The best conditions to soil level in turn favor the edaphic biota that can fulfill important functions. It has been possible to research the work of dung beetles and earthworms in the ISPS, to recover environmental services that are related with soil fertility and improvement in cattle productive systems. The mulch, shade and the particular microclimate conditions of the ISPS helps to restore the edaphic macrofauna, which, during mating and feeding process of beetles, it directly participates in the soil removal process which increases aeration and porosity, prevents compaction and improves the permeability and the water retention capacity (Giraldo et al. 2011).

Among the factors concerning the ISPS management that contribute to the conservation of the organisms diversity in the soil and biota in general, it is worth mentioning short occupation periods with instantaneous stocking rates (2 to 4 AU = 900 to 1800) kg, alternates with long rest periods (40 to 60 days) during which happens very little disturbance and soil and plants recover from grazing (Chará et al. 2015).

Increased product diversity in the system. A factor that significantly contributes to reducing vulnerability and increasing production within the system is the greatest diversity of animal and plant species. The inclusion of trees and shrubs in the silvopastoral system allows the generation of additional products such as firewood, wood for fences and construction, fruits and fibers, among others that contribute to diversify the incomes or reduce costs within the system, while increased the farmer economic alternatives. The higher diversity also promotes the provision of environmental services related to the biological control of grasses pests or the cattle ectoparasites, pollination and water regulation already mentioned (Murgueitio et al. 2015). Additionally many trees species produce fruits rich in sugars and protein that provides important nutrients to the animals in the most critical periods of the year (Cardozo 2007).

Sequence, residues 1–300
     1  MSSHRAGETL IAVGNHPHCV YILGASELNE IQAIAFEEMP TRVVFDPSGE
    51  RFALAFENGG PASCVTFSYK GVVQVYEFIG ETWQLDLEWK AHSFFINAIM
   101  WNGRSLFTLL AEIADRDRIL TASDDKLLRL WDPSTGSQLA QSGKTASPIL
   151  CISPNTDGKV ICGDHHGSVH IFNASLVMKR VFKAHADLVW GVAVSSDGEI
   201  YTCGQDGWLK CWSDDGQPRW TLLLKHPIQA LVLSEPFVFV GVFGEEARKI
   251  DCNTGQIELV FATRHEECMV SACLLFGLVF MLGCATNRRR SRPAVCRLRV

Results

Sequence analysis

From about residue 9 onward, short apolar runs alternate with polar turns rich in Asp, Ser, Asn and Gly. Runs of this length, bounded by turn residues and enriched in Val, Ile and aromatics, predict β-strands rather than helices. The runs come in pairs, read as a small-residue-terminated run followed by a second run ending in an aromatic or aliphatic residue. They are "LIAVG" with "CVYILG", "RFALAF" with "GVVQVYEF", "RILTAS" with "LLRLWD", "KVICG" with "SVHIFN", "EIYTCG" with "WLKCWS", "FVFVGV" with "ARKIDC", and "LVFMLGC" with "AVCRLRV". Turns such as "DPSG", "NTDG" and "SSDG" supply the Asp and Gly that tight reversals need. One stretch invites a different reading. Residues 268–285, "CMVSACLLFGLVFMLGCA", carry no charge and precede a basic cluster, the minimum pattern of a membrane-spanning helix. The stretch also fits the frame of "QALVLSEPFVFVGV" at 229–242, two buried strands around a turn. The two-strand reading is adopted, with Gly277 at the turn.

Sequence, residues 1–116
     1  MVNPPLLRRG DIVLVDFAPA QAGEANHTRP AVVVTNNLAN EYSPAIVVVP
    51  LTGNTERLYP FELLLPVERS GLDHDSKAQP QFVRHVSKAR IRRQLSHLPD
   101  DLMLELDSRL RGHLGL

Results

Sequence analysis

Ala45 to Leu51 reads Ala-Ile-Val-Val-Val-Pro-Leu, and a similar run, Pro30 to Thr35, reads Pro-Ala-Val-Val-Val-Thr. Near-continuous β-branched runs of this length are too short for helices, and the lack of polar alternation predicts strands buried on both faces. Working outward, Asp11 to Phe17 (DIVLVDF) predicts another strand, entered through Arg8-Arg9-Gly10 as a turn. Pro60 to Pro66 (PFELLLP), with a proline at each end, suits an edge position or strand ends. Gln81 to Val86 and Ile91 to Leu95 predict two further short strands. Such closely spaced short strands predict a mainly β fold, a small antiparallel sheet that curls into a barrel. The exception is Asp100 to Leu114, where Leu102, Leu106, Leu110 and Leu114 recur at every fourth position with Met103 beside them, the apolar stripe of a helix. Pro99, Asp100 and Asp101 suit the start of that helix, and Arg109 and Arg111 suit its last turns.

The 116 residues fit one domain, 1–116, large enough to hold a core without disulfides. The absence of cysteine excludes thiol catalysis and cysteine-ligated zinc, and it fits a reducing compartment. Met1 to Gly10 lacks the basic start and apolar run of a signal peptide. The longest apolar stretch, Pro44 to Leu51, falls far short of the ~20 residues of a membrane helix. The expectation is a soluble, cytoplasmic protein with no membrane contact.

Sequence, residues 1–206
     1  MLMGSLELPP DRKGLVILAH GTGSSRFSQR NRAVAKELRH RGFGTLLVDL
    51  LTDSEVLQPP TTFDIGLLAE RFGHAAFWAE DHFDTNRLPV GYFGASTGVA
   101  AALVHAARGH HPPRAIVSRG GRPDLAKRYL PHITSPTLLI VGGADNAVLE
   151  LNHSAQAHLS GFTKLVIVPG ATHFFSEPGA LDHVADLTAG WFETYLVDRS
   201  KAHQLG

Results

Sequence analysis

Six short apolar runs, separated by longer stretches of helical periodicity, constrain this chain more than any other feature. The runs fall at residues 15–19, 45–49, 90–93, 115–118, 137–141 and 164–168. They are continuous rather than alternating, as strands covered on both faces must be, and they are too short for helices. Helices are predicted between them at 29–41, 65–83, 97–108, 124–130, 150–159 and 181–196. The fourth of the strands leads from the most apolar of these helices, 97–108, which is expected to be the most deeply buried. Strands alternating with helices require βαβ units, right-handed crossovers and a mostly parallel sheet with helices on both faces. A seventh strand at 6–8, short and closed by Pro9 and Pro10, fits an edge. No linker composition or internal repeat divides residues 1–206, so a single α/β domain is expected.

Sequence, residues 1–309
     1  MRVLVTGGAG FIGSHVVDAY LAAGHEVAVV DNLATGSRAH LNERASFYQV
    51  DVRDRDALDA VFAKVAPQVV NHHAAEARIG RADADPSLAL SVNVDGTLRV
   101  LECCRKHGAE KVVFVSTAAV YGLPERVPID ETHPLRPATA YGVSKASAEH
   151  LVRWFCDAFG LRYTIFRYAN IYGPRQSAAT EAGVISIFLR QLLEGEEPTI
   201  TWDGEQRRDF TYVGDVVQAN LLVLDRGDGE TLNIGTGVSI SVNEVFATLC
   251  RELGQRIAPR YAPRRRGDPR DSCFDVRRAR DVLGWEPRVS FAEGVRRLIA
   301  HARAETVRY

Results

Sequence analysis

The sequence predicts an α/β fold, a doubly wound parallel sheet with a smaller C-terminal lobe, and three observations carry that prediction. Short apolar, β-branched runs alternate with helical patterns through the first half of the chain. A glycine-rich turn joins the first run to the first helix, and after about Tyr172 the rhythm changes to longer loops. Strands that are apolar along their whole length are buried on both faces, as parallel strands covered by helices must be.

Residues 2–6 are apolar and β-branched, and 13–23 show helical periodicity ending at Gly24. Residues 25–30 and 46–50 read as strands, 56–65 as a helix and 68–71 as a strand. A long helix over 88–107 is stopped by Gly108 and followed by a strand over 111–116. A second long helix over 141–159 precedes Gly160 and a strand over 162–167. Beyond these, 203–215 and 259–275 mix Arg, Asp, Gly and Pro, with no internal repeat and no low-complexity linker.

The meadows with good management, appropriate stocking rate according to the climatic season and the requirements of each forage species, without compaction, erosion and overgrazing; have valuable potential for storing organic carbon in the soil, due to the exchange dynamic of this element for the production and death of fine roots in the upper layers (Moreno and Lara 2003). Also the trees and shrubs of the SPS contribute to the high carbon capture per unit area (Montagnini et al. 2013). Research studies carried out in the Andean region (Valle del Cauca) in Colombia concluded that the soil at half a meter deep is the system component that stores more carbon with 94.6% of the total, equivalent to 555.43 Mg CO2 ha-1 in dry season and 559.27 Mg CO2 ha-1 in rainy season. This contribution is in addition to the carbon fixation in biomass is a test to the mitigation of climatic change (Arias-Giraldo et al. 2009).

Another important contribution is the reduction of methane emissions of ruminants. The ISPS which includes high density of Leucaena leucocephala allow a mixed diet of grass and legume foliage that reduce methane emissions at 20% as a percentage of the intake gross energy (Molina et al. 2015).



The ISPS are promoted through alliances between governments, farmer organizations and institutions of cooperation for the sustainable rural development because they facilitate the ordering of the territory occupied by animal husbandry  and can be a tool to reduce pressure for deforestation (Calle et al. 2012), in the same way that favor the fight against  the climatic change when  having attributes for mitigation as lower gas emissions and higher carbon capture than conventional systems (Naranjo et al. 2012, Montagnini et al. 2013 and Harvey et al. 2013 ).